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DIC- Mare critically ill- HELP

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    DIC- Mare critically ill- HELP


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ID:	10693500 My 9yo mare Skye is currently at the vet and bloodwork indicates DIC (Disseminated Intravascular Coagulation). We have no idea what’s causing it. Currently treating with Dex and Excede. So far, I can’t find a single story where the horse has survived and I’m freaking TF out. Has anyone dealt with (or know of) a horse with DIC that survived?!? Any lingering side effects? And the horses that didn’t survive- how did it progress? How long? I know this could be a really painful topic for some, but the lack of information is stressing me out and I need to know what I should be prepared for.

    Timeline:
    Day 1- show up to feed, mares right nostril is a bloody mess. Small mark on nose, assumed she bonked it. Cleaned it up, was still bleeding a little, didn’t think anything of it.
    Day 2- R nostril still bleeding (mildly) starting to get concerned. No temp. Mare acting totally fine. BO texted me later said it stopped.
    Day 3- Bloody nose again in the morning. Stopped by afternoon. Mare still behaving normally. Spent all night researching. Learned about GPM, freaked out.
    Day 4- No blood in the am, when I showed up to feed in the afternoon bloody again, mare didn’t finish hay, start calling EVERY vet in the area to find one with a scope or time to see her. Almost all vets around here don’t do farm calls and the one big vet hospital that would for sure have a scope is an hour away in 95deg heat. I was afraid to trailer her and stress her for that long.
    Day 5- No nosebleed. Found a vet 25min away with a scope that could see her. Bring her there ASAP. Gutteral pouches clean, no indication where bleeding is coming from. No temp. Drew blood- anemic. We were about to leave when we noticed the venipuncture was still bleeding. Vet says she has to stay.
    Day 6- Another nosebleed. Vet scopes again to see if he can track the blood- nothing. It’s coming from the petechia in the membrane. Sends out more bloodwork for coag, dri-chem, EIA, EVA, Piroplasmosis, Anaplasmosis.
    Day 7- Bloodwork indicates DIC, I freak more. Vet consults with an internal med specialist at CSU and a vet at the big hospital nearby- current treatment is devised. Kidney and liver functions are normal. Mare is eating drinking and pooping normal, no temp.
    Day 8- no nosebleed, mare has been bright and alert this whole time but seems better? Definitely hungry as she’s only getting hay at the vet when she’s used to gourmet meals.
    Day 9- no nosebleed. small cath placed to help with Dex inj. and blood draws so we don’t have to keep sticking her.

    And that’s where we’re at... I’ve attached what I have for bloodwork for those interested.
    Attached Files
    Last edited by acequinesports; Jul. 20, 2020, 06:31 PM.

    #2
    I know nothing about this, but it sounds terrifying. Jingles for your mare and for you.

    Comment

      Original Poster

      #3
      Thank you. I’m trying to stay positive since she appears to be improving, but there so little information out there aside from “once condition progresses to hemorrhage, prognosis is very poor”.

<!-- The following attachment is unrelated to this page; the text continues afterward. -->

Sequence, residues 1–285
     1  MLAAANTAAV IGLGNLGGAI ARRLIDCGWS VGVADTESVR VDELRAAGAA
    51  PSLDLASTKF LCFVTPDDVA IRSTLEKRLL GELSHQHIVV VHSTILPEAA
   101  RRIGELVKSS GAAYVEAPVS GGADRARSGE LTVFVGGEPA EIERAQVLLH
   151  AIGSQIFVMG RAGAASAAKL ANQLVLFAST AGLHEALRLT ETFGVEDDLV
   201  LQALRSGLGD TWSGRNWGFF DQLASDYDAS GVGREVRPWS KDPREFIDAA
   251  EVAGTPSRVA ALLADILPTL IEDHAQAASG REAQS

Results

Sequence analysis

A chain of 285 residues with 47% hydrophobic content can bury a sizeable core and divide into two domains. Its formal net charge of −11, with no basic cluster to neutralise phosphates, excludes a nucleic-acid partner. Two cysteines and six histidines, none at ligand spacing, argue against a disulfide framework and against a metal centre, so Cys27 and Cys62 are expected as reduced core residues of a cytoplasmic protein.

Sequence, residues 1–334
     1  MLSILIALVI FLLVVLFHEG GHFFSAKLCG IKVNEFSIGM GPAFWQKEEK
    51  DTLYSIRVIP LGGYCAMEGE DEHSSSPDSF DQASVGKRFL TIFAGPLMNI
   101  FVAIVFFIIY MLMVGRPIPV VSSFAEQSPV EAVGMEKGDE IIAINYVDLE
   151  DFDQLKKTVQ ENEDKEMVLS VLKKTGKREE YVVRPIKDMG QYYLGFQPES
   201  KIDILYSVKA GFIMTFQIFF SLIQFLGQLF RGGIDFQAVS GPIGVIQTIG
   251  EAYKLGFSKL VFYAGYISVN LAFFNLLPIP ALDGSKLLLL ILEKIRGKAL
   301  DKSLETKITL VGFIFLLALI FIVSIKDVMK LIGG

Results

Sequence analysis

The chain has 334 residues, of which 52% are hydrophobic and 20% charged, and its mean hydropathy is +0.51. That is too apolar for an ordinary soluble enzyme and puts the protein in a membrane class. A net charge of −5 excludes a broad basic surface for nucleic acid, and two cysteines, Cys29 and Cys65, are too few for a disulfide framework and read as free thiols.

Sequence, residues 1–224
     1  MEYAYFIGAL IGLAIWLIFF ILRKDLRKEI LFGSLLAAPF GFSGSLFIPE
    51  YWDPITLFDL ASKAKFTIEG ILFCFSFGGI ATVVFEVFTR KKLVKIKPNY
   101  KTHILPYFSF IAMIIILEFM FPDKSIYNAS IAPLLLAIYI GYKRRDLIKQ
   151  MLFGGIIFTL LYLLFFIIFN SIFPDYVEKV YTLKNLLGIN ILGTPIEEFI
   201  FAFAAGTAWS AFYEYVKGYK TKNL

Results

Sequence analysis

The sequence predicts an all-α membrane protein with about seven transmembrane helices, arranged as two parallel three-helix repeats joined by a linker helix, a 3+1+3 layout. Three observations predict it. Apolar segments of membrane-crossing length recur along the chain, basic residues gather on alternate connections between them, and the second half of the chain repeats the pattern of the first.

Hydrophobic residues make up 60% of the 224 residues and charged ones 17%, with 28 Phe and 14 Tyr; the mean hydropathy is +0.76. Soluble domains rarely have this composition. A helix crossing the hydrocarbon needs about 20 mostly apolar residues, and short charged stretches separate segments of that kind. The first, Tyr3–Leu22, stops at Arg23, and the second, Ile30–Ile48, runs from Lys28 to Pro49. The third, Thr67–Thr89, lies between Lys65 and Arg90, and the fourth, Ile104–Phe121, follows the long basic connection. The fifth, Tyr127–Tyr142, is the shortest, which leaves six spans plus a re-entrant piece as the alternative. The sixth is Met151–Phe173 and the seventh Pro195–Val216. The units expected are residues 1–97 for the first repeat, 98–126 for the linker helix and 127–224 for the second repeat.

Comment


        #4
        Yikes, this sounds awful! I never heard of it so did some digging.

        As it seems DIC is an add-on issue to an underlying cause, obviously the treatment is to treat symptoms but also the root cause, which I know you're still looking for.

        So I'm just curious what the current treatment is like.


        https://www.vetfolio.com/learn/artic...tion-in-horses

        "
        DIC develops secondary to a primary disease—most commonly, gastrointestinal disease or sepsis. "

        and

        " Because most horses that develop DIC have had a septic or toxic insult, much of the initial patient support involves stabilization using intravenous fluids, antiendotoxic agents, and antiinflammatory medications (e.g., flunixin meglumine) as well as other treatments specific to the underlying disease(s)/condition(s)."

        Many jingles!!

        ______________________________
        The CoTH CYA - please consult w/your veterinarian under any and all circumstances. - ET

        Comment


          #5
          I have no personal experience with this and I hope your mare gets better.

          I would think her prognosis is better than most since you were on top of this right away. If it's usually secondary to a primary issue like sepsis, then treating her for any possible infections is really all you can do. If she's happy, eating, drinking and passing manure then hopefully you caught it before most other people do.

          I don't know how you'd evaluate her for other gastrointestinal diseases. More bloodwork? Expensive scans?

          Comment


            #6
            I’m so sorry. I know nothing about this either. Do you have access to an internal medicine specialist at CSU? Best wishes to you.

            Comment


              #7
              I am hoping your mare makes a complete recovery and that the vet can find the reason it all began. I would be freaking out too. It is good to see she is doing better.

              Comment


                #8
                DIC in the absence of some inciting cause is bizarre.

                The images of the bloodwork are unreadable at my end, but has rodenticide or other anticoagulant toxicity been ruled out?
                "It's like a Russian nesting doll of train wrecks."--CaitlinandTheBay

                ...just settin' on the Group W bench.

                Comment

                  Original Poster

                  #9
                  Thanks guys! Update for today is basically no change from yesterday. Another day without a nosebleed so that’s positive, but her hematocrit is still low.

                  She’s currently being treated with a daily inj. of Dexamethasone (IV corticosteroid via catheter) to combat whatever inflammation she has going on. She has also received the first dose of Excede (IM antibiotic) which I believe is given in 2 doses 4 days apart. This is the treatment recommended by the internist at CSU who my vet is consulting with. I’m in Utah so having her physically examine Skye isn’t possible.